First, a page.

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Online shopping has become the preferred way for many Americans to buy products, which means an increase in credit card usage. As a result, more and more people are facing criminal charges for credit card fraud and theft. Under Virginia law, anyone found guilty of credit card fraud or theft could face significant jail time, fines and other consequences.

As with most crimes, the prosecutor must prove that a person had the necessary intent in order to prove that the person is guilty. If a person has been charged with credit card theft, the prosecutor must prove that the person obtained someone else's credit card or credit card number without permission and that the person intended to use it or sell it. Credit card theft may be treated as grand larceny and could get a person up to 12 months in jail. However, if a person obtained a card or card number without knowing that it was stolen, or if a person did not have the intent to use the information he or she received, then that person may have a defense to the charges brought against him or her.

Another common credit card crime involves forgery. Whether it is signing the back of another person's card or creating a fake credit card altogether, committing credit card forgery with the intent to defraud may result in criminal charges. Credit card forgery is often classified as a Class 5 felony charge and can result in jailtime.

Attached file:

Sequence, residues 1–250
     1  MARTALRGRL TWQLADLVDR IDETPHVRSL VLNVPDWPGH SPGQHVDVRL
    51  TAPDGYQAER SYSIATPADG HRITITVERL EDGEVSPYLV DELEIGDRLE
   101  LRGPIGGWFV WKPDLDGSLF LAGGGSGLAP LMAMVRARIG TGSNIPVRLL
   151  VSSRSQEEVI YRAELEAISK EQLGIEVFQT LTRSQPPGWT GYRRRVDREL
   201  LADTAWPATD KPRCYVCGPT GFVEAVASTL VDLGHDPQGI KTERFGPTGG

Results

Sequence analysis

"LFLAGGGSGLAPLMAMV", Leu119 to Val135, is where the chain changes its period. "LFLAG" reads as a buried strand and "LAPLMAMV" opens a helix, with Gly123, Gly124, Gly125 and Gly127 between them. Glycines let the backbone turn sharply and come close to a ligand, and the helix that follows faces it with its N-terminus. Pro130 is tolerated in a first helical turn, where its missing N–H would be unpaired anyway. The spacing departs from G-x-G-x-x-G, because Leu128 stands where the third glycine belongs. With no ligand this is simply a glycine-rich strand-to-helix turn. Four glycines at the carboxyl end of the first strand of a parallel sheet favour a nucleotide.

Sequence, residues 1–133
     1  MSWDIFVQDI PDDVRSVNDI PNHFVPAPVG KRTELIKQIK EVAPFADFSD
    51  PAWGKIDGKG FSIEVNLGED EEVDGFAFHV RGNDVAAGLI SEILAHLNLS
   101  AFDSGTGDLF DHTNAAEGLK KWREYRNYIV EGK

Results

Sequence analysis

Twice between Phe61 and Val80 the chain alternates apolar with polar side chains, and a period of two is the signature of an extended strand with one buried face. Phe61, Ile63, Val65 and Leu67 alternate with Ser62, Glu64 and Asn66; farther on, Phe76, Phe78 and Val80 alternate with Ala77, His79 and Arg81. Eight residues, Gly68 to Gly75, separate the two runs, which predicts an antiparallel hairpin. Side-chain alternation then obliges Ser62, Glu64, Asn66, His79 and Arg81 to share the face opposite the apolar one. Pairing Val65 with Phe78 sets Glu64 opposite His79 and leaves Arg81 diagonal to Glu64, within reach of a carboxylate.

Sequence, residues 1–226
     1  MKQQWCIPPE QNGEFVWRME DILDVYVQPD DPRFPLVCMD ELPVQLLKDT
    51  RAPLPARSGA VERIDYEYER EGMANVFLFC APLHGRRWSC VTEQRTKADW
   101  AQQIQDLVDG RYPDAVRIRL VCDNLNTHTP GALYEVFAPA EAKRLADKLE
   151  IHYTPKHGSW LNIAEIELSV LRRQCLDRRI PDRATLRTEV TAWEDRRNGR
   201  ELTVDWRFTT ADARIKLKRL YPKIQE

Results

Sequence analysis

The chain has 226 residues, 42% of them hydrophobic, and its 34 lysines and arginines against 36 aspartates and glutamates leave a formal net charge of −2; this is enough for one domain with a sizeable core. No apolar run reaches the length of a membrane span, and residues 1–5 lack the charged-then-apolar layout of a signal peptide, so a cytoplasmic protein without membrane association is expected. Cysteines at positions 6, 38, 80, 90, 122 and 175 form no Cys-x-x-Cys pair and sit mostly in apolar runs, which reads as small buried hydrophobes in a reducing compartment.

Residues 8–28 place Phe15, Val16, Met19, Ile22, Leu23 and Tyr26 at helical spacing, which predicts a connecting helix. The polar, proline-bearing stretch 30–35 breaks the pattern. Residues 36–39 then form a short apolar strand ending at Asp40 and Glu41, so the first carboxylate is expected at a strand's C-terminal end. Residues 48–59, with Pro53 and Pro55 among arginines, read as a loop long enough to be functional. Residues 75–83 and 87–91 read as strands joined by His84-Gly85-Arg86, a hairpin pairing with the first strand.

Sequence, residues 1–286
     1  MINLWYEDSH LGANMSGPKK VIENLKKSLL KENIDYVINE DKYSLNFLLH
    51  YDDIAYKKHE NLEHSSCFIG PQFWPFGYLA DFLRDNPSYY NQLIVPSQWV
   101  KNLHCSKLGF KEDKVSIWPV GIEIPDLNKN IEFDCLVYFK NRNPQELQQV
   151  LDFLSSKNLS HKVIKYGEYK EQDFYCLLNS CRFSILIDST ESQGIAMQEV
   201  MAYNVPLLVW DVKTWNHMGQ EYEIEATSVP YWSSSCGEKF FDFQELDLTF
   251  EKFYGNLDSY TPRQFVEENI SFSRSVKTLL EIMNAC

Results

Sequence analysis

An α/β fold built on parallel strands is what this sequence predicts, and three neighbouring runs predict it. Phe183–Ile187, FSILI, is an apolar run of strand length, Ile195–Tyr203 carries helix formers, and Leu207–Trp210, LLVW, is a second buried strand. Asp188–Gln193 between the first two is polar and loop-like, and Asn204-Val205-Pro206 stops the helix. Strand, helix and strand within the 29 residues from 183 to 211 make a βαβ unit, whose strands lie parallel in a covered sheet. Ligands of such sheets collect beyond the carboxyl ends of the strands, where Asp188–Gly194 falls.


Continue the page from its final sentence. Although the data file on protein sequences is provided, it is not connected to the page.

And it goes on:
In many cases, merely attempting to procure goods or services with a stolen card or card number may be enough to prosecute a person for credit card fraud. The prosecutor will have to establish that the person had the intent to defraud. Identity theft, or using someone's personal information to commit fraud, often falls under the umbrella of credit card fraud. The more serious the fraud, the stricter the penalty. For example, if the fraud is less than $200 in a six-month period, it can be classified as a class 1 misdemeanor.

Credit card fraud is a serious crime and should not be taken lightly. In order to avoid the stiff penalties that follow a conviction of credit card fraud, a person needs to take the steps necessary to establish a strong defense argument in his or her favor.

Source: FindLaw, "Virginia Credit and Debit Card Fraud Laws," accessed on April 30, 2018

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